Valencia oranges should still be ripe now. Valencias will keep on the tree for months with no loss of flavor, so only pick what you need at the time. Your trees should still look pretty good this month, although their new growth will have already slowed down considerably. For plants in the ground, feeding is finished for this year. Potted citrus should continue being fed with a ½ to 1/3 dose application through the fall. Use a fertilizer that is rich in such trace minerals as iron, zinc, manganese, copper and others. These ingredients are usually well represented in organic fertilizers like Dr. Earth. Keep ants out of your citrus at all times. If they are crawling up the trunk of the tree apply Tanglefoot (a sticky, waterproof substance) to stop them. Be especially attentive to irrigations in the warm weather. The best application method is probably by flooding the root basin and letting it soak in once or twice. Do not use sprinklers, especially if they wet the trunk of the tree.
Many clematis offer a heavy second bloom spike during the late summer or fall. Yours may be beginning this bloom cycle now. Apply a half strength feeding to the plant now. To keep the roots cool, maintain a thick 3-4 inch layer of organic mulch over them at all times, especially now. In the warm summer weather be sure to apply more frequent irrigations.
Dahlias (tuberous types):
Plants should still be blooming well and enjoying the warm weather. Regularly cut off spent blooms to make the plants both look better and set more flowers. Keep the taller varieties carefully staked to prevent the heavy canes from toppling over. Heavy natural cane bamboo stakes work well. Water regularly and deeply throughout the summer months. Flooding the soil works best; overhead watering will cause broken stems and mushy flowers. Continue fertilizing regularly. Use a liquid or granular organic fertilizer that is low in nitrogen and high in phosphorus. Fish Bone Meal is excellent. If powdery mildew appears on the lower leaves use organic Neem oil or E-Rase.
Deciduous Fruit Trees:
Continue monitoring soil moisture and irrigating as needed. Remember, to limit the size of your trees the correct time to prune them is immediately following fruit harvest, which may be as late as now. Most peaches, nectarines, apricots and plums are finished producing fruit by now. However, many apple and pear varieties are be producing now.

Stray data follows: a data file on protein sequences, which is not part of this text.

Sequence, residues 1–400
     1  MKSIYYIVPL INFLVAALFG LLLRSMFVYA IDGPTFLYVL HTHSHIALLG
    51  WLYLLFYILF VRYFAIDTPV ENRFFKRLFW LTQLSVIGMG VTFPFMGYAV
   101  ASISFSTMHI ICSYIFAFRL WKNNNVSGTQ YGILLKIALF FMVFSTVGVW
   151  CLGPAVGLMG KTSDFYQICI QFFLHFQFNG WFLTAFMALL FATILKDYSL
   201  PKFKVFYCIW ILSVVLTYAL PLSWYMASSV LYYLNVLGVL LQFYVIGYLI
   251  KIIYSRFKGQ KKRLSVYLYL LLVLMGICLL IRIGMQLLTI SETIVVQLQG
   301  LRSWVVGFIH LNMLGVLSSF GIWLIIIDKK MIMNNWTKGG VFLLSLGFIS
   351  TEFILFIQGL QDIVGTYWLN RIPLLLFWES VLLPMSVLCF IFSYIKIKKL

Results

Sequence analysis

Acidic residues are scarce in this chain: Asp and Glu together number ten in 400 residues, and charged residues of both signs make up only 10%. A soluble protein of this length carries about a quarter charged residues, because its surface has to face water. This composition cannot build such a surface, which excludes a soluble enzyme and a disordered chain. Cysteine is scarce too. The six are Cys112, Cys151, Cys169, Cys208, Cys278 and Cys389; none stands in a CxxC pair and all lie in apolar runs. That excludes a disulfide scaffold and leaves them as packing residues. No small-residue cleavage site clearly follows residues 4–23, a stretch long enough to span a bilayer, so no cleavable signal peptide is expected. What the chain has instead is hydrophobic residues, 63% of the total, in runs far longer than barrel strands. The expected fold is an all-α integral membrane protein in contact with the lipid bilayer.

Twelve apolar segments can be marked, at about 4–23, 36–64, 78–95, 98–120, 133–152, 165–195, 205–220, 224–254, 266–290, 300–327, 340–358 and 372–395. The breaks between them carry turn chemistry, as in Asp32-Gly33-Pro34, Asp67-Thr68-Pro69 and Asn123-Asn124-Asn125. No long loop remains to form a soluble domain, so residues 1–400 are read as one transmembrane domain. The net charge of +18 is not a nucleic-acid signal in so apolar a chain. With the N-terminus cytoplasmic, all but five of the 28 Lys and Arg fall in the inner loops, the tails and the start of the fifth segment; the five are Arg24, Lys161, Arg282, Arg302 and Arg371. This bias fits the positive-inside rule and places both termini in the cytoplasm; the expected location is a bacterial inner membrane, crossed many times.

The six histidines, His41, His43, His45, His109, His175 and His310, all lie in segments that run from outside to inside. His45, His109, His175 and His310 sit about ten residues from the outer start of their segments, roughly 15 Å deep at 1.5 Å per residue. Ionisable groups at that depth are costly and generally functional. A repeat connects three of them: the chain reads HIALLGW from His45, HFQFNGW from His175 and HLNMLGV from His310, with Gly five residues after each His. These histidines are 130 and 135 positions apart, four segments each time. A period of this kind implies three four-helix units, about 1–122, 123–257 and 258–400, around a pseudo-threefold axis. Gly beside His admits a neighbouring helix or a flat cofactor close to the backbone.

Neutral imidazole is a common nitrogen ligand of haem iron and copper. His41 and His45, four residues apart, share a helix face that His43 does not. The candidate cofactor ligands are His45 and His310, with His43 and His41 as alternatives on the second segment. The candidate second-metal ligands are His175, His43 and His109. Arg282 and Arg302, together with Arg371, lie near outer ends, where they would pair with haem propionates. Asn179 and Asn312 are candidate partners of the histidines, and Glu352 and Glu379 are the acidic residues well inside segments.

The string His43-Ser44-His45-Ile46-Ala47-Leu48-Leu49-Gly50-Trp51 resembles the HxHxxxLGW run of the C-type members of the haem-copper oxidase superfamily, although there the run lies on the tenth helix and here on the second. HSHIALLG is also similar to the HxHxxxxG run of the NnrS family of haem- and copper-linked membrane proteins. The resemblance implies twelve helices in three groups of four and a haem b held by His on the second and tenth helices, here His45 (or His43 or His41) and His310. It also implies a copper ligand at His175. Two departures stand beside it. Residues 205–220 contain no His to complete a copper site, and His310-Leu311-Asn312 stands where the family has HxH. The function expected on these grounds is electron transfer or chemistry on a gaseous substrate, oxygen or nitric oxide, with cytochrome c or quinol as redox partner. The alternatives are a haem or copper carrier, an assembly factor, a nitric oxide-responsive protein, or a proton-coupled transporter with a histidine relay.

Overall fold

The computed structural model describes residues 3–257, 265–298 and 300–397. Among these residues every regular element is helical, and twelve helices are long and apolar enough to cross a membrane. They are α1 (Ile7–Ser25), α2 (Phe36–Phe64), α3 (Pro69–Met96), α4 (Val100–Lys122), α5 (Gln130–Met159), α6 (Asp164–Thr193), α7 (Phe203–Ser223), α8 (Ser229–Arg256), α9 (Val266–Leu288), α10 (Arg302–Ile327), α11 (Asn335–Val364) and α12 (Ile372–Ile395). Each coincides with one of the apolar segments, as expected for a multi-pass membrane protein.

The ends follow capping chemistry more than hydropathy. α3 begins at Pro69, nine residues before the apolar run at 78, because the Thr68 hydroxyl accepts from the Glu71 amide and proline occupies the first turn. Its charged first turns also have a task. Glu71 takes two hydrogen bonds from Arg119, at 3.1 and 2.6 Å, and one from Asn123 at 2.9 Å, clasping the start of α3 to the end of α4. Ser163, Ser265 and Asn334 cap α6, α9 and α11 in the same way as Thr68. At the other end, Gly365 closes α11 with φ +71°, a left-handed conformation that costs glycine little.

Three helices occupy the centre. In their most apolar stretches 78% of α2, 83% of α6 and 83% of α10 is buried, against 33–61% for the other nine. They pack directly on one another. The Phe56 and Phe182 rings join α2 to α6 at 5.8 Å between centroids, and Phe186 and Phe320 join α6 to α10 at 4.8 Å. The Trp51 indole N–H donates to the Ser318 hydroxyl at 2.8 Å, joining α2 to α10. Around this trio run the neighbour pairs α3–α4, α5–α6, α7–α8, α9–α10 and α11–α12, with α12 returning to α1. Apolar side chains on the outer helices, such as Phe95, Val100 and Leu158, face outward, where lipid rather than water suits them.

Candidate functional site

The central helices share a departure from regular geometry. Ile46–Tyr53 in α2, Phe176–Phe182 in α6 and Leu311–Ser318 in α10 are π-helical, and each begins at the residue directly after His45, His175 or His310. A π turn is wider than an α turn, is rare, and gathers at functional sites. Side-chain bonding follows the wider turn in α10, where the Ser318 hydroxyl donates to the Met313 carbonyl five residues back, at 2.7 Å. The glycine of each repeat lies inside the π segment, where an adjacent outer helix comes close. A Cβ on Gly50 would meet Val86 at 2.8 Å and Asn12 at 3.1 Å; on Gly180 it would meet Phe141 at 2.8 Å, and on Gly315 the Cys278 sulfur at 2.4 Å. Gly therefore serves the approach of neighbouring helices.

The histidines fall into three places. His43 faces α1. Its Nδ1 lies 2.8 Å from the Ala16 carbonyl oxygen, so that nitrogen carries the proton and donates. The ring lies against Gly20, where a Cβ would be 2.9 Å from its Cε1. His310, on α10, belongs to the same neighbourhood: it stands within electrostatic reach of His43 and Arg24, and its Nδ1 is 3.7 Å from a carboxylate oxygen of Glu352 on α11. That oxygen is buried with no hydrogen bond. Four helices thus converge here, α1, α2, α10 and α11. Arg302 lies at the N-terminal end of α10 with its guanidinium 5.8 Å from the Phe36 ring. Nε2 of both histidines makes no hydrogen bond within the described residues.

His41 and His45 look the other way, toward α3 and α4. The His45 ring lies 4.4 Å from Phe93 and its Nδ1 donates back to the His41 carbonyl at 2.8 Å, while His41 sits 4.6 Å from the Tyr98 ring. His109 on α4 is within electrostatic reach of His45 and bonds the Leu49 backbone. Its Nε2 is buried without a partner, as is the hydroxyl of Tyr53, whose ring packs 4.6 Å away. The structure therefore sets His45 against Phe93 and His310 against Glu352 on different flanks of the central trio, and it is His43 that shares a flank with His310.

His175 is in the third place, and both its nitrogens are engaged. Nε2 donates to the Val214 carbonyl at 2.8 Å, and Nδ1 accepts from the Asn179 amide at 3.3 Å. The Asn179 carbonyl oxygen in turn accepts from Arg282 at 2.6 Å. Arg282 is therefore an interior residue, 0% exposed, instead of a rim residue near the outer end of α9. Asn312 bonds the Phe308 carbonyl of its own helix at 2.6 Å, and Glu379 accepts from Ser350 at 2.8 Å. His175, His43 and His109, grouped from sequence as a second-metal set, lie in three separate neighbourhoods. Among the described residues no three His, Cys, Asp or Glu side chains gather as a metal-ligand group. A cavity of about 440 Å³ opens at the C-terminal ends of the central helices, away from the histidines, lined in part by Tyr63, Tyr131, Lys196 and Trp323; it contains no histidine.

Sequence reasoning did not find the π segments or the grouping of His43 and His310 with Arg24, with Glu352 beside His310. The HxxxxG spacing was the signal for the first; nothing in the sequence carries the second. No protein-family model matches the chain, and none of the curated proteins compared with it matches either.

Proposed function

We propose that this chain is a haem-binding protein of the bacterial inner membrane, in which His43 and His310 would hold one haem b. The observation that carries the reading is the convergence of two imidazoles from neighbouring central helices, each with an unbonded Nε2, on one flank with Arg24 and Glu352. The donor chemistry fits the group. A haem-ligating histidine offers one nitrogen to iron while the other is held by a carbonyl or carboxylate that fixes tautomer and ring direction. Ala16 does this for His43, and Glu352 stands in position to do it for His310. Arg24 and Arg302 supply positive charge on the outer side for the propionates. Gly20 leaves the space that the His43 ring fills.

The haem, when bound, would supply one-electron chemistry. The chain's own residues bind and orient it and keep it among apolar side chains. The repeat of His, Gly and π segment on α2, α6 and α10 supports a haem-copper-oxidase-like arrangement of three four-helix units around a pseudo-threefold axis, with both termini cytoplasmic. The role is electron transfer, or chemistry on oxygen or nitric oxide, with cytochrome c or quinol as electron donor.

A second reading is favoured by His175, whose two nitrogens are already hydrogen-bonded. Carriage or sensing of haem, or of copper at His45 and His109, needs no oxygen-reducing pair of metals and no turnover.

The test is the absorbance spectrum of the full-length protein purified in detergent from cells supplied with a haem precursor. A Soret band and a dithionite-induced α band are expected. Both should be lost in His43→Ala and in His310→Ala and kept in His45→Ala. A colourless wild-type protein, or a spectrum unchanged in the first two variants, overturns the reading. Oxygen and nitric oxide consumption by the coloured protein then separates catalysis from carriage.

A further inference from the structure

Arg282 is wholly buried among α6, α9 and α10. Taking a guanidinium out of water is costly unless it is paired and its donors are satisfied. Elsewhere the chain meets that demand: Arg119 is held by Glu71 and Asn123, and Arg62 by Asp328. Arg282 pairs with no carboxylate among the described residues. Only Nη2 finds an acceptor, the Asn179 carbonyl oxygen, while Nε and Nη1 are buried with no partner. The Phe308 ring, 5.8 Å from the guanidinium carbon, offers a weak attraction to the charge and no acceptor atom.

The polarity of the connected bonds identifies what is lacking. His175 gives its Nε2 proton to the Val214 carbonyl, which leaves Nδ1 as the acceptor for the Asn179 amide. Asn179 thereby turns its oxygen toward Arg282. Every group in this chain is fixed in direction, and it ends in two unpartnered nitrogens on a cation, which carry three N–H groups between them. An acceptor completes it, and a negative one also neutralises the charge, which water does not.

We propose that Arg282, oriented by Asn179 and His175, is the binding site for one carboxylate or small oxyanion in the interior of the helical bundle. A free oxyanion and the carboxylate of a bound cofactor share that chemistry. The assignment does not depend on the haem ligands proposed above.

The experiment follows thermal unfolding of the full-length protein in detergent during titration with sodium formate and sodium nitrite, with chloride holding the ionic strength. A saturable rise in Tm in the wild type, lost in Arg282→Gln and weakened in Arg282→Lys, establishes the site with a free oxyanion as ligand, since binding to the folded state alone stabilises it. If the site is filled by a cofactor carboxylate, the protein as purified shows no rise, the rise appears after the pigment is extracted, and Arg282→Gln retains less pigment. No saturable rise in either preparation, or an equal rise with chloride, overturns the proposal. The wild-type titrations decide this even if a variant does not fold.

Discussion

Continue irrigating most varieties regularly according to the weather. Delicate varieties appreciate an occasional misting of the foliage, especially during warm, dry or windy periods. This is the last feeding of the year necessary for most varieties. Use a mild, organic fertilizer. Keep checking for pests. On many ferns, especially staghorns, spider mites are a summer pest and often go undetected until the problem gets out of hand.
(See also the information under the individual plants)
Do not feed frost sensitive or sub-tropical plants this time of year. Feed new annuals and vegetables that have been planted recently as cool-season crops.
Your plants may be looking a bit stressed now, especially because of the long hot months. Keep feeding them with a balanced fertilizer or one slightly higher in phosphorus, to try to get a few more flowers. Proper watering is still critical at this time of the year, especially for those plants in hanging baskets. Water early in the morning or in the evening and check the soil moisture most every day. Never let the soil dry out completely. During a particularly dry, hot or a Santa Ana wind a couple of mistings of the foliage is very beneficial. Groom the plant periodically by removing dead flowers and any developing seedpods. The chances of infestations of Fuchsia Gall Mites are about over for this year. Take one more look on the new foliage for any signs of puckered or distorted growth. If you discover any, pinch it out and dispose of it immediately.
Many gardenias will still be blooming. Give them one more feeding now. Use a fertilizer with trace minerals, such as most organic types and alternate this with an acidic formula to keep the pH down. If the leaves are showing signs of green veins with yellow areas between the veins, especially on the new growth, they need additional iron. Iron is a supplement to the regular fertilizing program of your gardenia. Gardenias are shallow rooted and will dry out quickly. Avoid cultivating or allowing other plants to grow under or in competition with their roots. This is another good month to leach the salts out of the root zone of your plants. This is done by irrigating the plant over and over again or by flooding the root basin several times to wash any accumulated salt below and away from the roots. Gardenias do not like hot dry winds. If these threaten, do what you can to shield the plant. A light misting and syringe of the leaves also helps.